Greek and Roman Art

Metropolitan Museum of Art (MET)
1000 Fifth Avenue

The collection of Greek and Roman art at the Metropolitan Museum—more than seventeen thousand works ranging in date from the Neolithic period to the time of the Roman emperor Constantine's conversion to Christianity in A.D. 312—includes the art of ma... more

The collection of Greek and Roman art at the Metropolitan Museum—more than seventeen thousand works ranging in date from the Neolithic period to the time of the Roman emperor Constantine's conversion to Christianity in A.D. 312—includes the art of many cultures and is among the most comprehensive in North America. The areas represented are Greece and Italy, but not as delimited by modern political frontiers: much of Asia Minor on the periphery of Greece was settled by Greeks; Cyprus became increasingly Hellenized in the course of its long history; and Greek colonies were established around much of the Mediterranean basin and on the shores of the Black Sea. For Roman art, the geographical limits coincide with the political expansion of Rome. The department also exhibits the pre-Greek art of Greece and the pre-Roman art of Italy. Today, the objects in the department range from small, engraved gemstones to black-figure and red-figure painted vases to over-life-size statues and reflect virtually all of the materials in which ancient artists and craftsmen worked: marble, limestone, terracotta, bronze, gold, silver, and glass, as well as such rarer substances as ivory and bone, iron, ... more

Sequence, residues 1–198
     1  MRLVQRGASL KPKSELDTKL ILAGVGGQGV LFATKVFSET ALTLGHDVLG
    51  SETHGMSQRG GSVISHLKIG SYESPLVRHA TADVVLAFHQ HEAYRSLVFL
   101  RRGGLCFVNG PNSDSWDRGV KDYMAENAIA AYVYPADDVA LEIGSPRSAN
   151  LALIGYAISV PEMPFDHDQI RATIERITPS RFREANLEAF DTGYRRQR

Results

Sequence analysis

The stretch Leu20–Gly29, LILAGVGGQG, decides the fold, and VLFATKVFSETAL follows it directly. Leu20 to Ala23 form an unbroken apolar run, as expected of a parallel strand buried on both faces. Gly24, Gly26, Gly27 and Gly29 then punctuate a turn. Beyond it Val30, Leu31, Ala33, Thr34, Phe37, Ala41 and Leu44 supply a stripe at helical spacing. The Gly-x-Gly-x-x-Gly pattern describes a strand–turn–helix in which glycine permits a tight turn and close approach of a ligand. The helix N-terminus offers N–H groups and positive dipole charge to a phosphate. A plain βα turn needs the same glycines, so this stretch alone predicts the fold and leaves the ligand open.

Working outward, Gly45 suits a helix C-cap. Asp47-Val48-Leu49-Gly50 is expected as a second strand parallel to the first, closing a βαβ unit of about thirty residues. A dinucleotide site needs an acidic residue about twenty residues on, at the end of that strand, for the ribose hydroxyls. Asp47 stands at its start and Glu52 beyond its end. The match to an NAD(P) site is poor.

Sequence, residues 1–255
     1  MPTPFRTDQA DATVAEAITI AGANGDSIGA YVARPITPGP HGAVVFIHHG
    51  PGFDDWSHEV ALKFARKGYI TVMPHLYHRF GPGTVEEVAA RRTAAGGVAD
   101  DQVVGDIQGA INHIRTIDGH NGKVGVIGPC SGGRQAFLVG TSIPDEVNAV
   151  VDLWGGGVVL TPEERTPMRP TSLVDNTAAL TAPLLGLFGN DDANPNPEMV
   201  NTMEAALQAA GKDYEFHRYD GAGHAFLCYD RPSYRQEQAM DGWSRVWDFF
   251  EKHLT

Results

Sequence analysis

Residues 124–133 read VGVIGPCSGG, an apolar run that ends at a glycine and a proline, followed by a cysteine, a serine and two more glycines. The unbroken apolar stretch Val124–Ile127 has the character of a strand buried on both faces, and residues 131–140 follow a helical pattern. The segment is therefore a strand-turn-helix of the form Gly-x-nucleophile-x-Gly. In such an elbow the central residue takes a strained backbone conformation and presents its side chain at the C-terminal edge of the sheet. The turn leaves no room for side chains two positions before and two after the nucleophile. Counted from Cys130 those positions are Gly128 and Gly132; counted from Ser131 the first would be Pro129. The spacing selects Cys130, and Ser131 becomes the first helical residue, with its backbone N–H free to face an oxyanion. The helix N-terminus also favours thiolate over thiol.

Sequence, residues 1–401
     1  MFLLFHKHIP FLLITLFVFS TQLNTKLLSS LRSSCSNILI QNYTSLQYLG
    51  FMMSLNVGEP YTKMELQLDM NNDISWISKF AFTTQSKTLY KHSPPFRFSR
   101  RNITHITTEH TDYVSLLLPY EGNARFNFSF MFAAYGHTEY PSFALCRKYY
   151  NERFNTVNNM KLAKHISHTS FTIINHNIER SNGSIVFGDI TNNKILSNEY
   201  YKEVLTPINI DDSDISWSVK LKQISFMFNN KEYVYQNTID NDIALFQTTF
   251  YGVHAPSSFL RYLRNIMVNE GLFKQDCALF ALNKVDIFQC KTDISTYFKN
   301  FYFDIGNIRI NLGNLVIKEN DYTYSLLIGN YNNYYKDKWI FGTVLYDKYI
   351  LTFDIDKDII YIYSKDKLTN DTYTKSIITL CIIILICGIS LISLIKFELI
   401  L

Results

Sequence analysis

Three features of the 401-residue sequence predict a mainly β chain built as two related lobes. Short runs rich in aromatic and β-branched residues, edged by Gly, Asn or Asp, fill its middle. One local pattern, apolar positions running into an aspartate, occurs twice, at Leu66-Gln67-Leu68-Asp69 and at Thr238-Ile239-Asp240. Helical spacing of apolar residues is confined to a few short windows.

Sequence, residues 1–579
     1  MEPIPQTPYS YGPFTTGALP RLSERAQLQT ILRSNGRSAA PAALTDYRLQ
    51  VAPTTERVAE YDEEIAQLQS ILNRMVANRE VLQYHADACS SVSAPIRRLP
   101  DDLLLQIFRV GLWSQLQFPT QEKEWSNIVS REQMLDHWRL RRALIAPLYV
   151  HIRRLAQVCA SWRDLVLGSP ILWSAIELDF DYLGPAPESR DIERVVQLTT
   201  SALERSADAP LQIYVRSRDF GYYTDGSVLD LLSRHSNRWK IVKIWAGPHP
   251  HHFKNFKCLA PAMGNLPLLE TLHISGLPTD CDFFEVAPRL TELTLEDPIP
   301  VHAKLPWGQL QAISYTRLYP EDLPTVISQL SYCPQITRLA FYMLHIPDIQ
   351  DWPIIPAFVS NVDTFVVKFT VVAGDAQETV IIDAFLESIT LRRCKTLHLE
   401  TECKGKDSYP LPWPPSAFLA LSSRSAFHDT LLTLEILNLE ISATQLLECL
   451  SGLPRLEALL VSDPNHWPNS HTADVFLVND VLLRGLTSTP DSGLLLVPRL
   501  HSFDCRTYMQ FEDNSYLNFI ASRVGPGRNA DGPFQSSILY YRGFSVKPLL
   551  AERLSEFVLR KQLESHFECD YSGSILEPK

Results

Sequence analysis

The collection of Greek and Roman art at the Metropolitan Museum—more than seventeen thousand works ranging in date from the Neolithic period to the time of the Roman emperor Constantine's conversion to Christianity in A.D. 312—includes the art of many cultures and is among the most comprehensive in North America. The areas represented are Greece and Italy, but not as delimited by modern political frontiers: much of Asia Minor on the periphery of Greece was settled by Greeks; Cyprus became increasingly Hellenized in the course of its long history; and Greek colonies were established around much of the Mediterranean basin and on the shores of the Black Sea. For Roman art, the geographical limits coincide with the political expansion of Rome. The department also exhibits the pre-Greek art of Greece and the pre-Roman art of Italy.

Today, the objects in the department range from small, engraved gemstones to black-figure and red-figure painted vases to over-life-size statues and reflect virtually all of the materials in which ancient artists and craftsmen worked: marble, limestone, terracotta, bronze, gold, silver, and glass, as well as such rarer substances as ivory and bone, iron, lead, amber, and wood.


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Greek and Roman Art

Tue, November 30
9:30AM
$
Wed, December 01
9:30AM
$
Thu, December 02
9:30AM
$
Sat, December 04
9:30AM
$
Sun, December 05
9:30AM
$
Tue, December 07
9:30AM
$
Wed, December 08
9:30AM
$
Thu, December 09
9:30AM
$
Occurs 119 more times through May 28

Metropolitan Museum of Art (MET)

1000 Fifth Avenue
New York, NY 10028
(212) 535-7710

Schedule

November 30, Tuesday 9:30AM
December 1, Wednesday 9:30AM
December 2, Thursday 9:30AM
December 4, Saturday 9:30AM
See complete schedule

Category

Arts

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